March 01, 2010

What About Me? Why Color Is Important?

What about me? Why color is important.

Many of us in the Candle Industry spend a great deal of time selecting, sniffing and discussing fragrances because it is one of the driving factors in consumers selecting a particular candle. However, color, in many instances, can be as important. If you don't have the proper color matched to the fragrance it will not inspire the customer to make that purchase. In addition many candles, especially pillars are purchased as a home décor and color is what they are looking for in that particular candle.

The advantage of color is that it can be as easy as you desire or packed full of complexity as is exhibited by many of the large consumer product companies who are driven by process laden complex scientific formulas. In any consumer product, packaging or advertising company, the discussion of what colors to use is a key focus with a tremendous amount of analysis required in the decision process.

The large consumer products, car manufacturers and especially the fashion industry rely very heavily on Pantone, Inc. to help determine the latest trends in color. Pantone, Inc. is the global authority on color and provider of professional color standards for the design industry. They are able to identify color trends well before they arrive on the "retail scene". These trends are extremely important to the textile, clothing, automobile and home accessory industries (the latter to which candles are a part of). It is imperative for these industries to be able to anticipate, well in advance, what color trends will evolve because of their very long lead times associated with bringing a new product to market.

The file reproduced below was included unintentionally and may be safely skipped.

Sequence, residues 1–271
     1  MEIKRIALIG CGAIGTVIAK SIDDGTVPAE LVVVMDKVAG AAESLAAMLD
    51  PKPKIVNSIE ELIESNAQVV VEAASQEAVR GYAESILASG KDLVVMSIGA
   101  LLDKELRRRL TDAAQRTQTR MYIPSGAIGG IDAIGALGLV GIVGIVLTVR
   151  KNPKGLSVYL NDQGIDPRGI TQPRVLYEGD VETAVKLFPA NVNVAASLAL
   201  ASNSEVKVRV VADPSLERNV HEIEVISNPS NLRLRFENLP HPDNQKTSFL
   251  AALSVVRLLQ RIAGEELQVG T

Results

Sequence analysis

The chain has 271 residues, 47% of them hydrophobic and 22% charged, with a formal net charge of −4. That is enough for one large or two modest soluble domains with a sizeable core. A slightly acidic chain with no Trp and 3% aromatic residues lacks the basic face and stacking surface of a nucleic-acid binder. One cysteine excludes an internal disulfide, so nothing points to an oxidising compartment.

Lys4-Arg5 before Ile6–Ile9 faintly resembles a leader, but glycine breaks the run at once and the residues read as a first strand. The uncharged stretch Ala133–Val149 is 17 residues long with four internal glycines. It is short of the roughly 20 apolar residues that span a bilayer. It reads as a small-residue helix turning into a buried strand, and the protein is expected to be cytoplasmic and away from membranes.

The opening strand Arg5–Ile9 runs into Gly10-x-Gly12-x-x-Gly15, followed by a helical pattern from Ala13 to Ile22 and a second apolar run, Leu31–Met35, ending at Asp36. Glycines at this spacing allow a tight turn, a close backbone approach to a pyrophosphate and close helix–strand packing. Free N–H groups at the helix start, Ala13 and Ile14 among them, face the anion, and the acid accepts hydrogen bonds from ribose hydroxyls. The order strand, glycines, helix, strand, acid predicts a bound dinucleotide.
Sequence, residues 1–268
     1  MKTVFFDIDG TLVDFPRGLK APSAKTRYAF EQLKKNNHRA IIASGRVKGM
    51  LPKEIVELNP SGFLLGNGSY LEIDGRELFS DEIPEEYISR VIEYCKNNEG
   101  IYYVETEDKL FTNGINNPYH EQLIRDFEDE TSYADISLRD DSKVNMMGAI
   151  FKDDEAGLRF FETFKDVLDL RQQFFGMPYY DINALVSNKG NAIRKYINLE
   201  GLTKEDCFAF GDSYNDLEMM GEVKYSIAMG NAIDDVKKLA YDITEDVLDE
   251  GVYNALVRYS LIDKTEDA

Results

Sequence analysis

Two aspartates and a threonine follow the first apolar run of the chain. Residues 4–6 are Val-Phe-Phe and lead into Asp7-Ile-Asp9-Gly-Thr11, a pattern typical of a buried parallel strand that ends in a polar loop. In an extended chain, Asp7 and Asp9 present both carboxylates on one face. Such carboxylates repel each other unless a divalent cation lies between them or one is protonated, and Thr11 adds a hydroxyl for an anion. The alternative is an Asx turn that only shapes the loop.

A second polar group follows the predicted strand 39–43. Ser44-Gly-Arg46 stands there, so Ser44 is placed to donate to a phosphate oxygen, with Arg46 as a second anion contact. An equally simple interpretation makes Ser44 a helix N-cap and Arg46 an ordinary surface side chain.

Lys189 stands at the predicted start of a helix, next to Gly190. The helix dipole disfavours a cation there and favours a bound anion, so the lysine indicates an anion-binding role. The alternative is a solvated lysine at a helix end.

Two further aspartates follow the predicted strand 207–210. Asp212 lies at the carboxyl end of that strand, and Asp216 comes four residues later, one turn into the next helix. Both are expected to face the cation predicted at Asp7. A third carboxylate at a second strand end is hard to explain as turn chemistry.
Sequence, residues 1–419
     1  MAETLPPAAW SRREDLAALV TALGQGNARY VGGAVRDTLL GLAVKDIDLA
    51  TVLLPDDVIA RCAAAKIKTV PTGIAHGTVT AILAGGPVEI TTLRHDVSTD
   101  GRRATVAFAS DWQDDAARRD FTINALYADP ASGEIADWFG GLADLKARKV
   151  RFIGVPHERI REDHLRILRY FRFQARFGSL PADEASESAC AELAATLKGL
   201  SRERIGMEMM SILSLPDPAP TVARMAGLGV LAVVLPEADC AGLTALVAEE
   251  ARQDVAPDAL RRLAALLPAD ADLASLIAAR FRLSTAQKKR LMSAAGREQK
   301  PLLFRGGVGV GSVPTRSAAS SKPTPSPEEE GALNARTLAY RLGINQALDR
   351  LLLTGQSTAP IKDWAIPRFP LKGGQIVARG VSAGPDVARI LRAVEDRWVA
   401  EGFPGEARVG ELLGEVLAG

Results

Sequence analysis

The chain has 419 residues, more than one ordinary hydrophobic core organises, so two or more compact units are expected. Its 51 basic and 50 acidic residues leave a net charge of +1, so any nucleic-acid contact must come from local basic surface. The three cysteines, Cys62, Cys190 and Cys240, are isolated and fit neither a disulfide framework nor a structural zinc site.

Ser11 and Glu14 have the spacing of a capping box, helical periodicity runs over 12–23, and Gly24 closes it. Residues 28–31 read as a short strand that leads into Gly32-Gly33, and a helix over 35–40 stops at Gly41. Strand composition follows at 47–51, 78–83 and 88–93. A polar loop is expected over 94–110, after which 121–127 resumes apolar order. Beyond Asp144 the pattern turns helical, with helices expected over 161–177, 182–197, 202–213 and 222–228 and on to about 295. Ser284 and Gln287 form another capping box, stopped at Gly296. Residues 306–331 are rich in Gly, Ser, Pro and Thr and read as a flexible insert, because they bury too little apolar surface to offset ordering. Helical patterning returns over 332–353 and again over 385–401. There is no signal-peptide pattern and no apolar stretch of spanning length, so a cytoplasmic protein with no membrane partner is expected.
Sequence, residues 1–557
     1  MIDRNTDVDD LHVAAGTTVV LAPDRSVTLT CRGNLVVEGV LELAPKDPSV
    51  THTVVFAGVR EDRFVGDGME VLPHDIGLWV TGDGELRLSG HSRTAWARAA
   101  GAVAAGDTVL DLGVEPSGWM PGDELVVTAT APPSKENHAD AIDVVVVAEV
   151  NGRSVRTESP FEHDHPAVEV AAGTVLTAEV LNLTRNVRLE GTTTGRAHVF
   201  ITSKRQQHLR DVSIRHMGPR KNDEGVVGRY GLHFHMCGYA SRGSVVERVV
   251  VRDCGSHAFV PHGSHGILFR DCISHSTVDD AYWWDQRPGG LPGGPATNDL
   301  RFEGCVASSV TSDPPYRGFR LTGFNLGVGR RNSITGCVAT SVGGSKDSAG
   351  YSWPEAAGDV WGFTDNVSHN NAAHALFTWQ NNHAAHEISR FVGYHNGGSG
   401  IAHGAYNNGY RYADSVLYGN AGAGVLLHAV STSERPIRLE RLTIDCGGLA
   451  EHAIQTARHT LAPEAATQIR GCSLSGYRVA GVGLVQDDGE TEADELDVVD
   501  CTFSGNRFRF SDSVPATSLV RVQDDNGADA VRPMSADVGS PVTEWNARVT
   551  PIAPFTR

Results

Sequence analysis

A tremendous advantage, for us being a smaller company than the goliaths, is that we can react immediately to changes and trends in the marketplace and instantaneously adapt, to provide new colors, no matter what the Pantone. Changing colors for smaller manufacturers can be done by the season and does not require the normal long cycle the large companies must use.

Once you decide on the color for the candle, the next step is to determine how the wax will be dyed. It is also important to note here that there is a difference between dyes and pigments. The dyes are for coloring solid candles where the pigments should be used for any type of over dip application including cut n carve.

When choosing your candle dyes the choices can be found below:

Liquid Dye - In general liquid dyes are very highly concentrated products, which require that they be used in small percentages. They are most effective when used in 50 pound or greater batch sizes. They are highly cost effective and allow for easy solubility in wax and gel formulations. Due to their high concentrations it can be difficult to ensure color consistency when working in smaller batches below 50 lbs. EVO liquid dyes provide the most effectiveness, providing a pleasant, mild scent and compatibility with all paraffin wax, soy wax, gel wax and blended waxes.

Color Blocks - These come pre-measured in 1/2 ounce blocks that are great for mixing in to small or large batch sizes. Each of these concentrated blocks will color between 15-20 pounds of wax. Color blocks are perfect and easy to use if you are mixing in pouring pots, turkey roasters or double boilers.

The advantage of using any these methods is that you can get to any shade required by increasing or decreasing the recommended usage.

As we have discussed, as a candle company it is important to stay on top of the trends both on fragrance and color. The fragrance industry is always cognizant of trends and according to French Color and Fragrance some of the emerging trends include: